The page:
These flawed plans flew under the radar because the DOE does not have enough staff to thoroughly review every design piece put forth by Bechtel, says Alexander. As a result, expensive mistakes like these could occur again. The lack of key staff to oversee Bechtel’s work continues to plague the WTP project to this day.
The concerns of the GAO, the DNFSB, and Alexander all point to a flawed relationship between the DOE and Bechtel, which is both the design and construction authority on WTP. Once operable, the plant will turn the millions of gallons of radioactive sediment currently in the site’s waste tanks into glass rods by combining the toxic gunk with glass-forming material at a blistering 2,100 degrees Fahrenheit — a process called vitrification. The rods will then be shipped to an offsite location to be stored indefinitely.
Bechtel’s contract is what is known in contractor parlance as “cost and schedule performance based.” Such contracts, standard in the defense world, reward contractors like Bechtel for “meeting milestones” within their proposed budget — in some instances, even if plans and construction turn out to be critically flawed. Despite certain mistakes, including those made during the first three years of building the WTP with seismic deficiencies, Bechtel boasted in 2004 that they had received 100 percent of the available milestone fees available to the company through their Hanford contract with DOE.
The DOE is tasked with overseeing the project and signing off on their recommended procedures, but Alexander argues that the agency is incapable of proper oversight. “In the past 45 years, about 400,000 people…have been irradiated [because of the Mayak disaster],” reflects Alexander. “It’s quite possible that a similar accident could happen here. That’s why it is so important that we get the Hanford cleanup facilities up and running properly, as soon as possible.”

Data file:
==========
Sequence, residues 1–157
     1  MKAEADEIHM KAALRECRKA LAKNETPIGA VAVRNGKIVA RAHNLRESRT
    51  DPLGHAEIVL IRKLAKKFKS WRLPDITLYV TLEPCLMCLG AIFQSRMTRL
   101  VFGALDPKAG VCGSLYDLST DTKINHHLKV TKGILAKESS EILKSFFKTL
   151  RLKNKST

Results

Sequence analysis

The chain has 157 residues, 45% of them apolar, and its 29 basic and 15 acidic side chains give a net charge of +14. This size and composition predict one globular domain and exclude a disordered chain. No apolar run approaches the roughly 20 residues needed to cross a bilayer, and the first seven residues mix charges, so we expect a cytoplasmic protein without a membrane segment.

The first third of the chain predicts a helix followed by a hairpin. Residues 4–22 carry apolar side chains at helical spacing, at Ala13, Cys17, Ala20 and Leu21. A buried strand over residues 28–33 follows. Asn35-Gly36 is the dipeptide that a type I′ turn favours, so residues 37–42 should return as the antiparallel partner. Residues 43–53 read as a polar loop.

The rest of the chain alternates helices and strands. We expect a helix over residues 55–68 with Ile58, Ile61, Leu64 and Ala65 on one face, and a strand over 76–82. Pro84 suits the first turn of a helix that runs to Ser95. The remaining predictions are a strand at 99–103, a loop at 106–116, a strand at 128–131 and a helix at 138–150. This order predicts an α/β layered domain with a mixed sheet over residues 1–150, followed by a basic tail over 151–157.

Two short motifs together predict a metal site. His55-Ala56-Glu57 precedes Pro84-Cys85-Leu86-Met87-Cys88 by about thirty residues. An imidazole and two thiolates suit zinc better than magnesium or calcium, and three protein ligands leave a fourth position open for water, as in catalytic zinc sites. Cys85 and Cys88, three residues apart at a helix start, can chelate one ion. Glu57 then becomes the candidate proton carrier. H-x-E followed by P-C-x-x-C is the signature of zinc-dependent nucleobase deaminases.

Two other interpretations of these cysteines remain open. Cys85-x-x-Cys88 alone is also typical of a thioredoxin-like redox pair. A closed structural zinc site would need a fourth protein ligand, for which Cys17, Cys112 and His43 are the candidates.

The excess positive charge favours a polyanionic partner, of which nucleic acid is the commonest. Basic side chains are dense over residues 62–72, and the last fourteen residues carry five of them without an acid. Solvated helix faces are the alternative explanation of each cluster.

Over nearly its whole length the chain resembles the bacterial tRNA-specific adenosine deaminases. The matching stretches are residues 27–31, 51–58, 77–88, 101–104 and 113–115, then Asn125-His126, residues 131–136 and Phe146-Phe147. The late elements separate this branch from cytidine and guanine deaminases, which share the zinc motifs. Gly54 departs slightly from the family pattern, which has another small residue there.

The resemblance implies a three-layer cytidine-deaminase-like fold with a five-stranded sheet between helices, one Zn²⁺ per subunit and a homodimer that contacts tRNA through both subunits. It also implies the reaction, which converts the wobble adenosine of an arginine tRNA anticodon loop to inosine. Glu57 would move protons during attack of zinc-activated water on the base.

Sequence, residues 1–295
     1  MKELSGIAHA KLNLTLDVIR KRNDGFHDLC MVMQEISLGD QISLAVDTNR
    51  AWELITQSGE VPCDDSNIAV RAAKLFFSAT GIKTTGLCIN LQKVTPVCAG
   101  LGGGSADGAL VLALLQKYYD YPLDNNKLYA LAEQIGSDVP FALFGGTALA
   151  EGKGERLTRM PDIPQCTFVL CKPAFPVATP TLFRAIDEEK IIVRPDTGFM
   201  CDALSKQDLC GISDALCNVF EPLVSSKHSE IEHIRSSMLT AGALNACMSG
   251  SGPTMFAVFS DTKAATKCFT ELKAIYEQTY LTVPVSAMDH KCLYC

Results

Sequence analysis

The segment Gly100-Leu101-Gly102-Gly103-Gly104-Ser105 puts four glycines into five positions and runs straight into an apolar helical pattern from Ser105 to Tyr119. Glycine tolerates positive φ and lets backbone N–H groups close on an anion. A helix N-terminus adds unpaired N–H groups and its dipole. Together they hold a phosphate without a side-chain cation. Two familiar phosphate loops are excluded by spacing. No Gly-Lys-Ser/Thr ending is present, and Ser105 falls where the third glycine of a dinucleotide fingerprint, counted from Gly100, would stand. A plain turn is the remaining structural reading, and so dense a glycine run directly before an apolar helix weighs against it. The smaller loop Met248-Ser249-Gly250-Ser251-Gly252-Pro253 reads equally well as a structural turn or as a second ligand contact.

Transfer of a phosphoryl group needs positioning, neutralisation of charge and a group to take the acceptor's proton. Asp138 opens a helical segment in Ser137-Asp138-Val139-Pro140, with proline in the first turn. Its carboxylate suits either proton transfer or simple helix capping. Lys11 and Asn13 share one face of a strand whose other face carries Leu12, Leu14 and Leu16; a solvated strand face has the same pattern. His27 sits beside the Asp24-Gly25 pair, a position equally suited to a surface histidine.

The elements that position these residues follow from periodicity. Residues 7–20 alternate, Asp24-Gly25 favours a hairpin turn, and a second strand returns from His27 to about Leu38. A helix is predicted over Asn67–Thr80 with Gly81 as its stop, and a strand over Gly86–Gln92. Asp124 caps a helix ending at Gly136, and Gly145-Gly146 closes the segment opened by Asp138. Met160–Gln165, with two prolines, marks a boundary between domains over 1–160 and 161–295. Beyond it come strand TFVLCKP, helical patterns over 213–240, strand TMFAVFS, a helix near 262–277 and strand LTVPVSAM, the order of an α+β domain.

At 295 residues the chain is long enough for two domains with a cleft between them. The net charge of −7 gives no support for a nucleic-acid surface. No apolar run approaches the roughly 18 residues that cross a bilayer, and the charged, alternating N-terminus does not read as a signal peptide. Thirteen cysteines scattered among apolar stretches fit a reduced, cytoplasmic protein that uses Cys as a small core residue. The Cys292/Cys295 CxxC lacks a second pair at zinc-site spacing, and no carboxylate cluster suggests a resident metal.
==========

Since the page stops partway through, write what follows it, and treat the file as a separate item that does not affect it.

There is something ominous about Hanford, and it’s not just the radioactivity.
The Wanapum Tribe, which survived here for centuries, feasting on the once-mighty Columbia River salmon runs, was evicted less than 70 years ago by the federal government so the feds could manufacture fuel for the A-bomb. It was certainly a marvelous scientific achievement when the first plutonium rolled out of Hanford’s B Reactor, which is now just one of the many structures that haunt this dry landscape. But cleaning up Hanford’s aftermath may prove even more of an accomplishment than it took to create the nuclear reservation in the first place.
Richland, population 48,000, is the city closest to Hanford. Local bars on the weekends overflow with Hanford contractors, and the cash they put down for shots and rounds of cold beer is abundant. The local watering hole, aptly named the Atomic Ale Brewpub, is decorated with Hanford artifacts and memorabilia, and serves beer like Plutonium Porter and Jim’s Radioactive Rye. Richland High School’s mascot is the Bombers. Despite its toxicity, locals have evidently embraced Richland’s nuclear lore.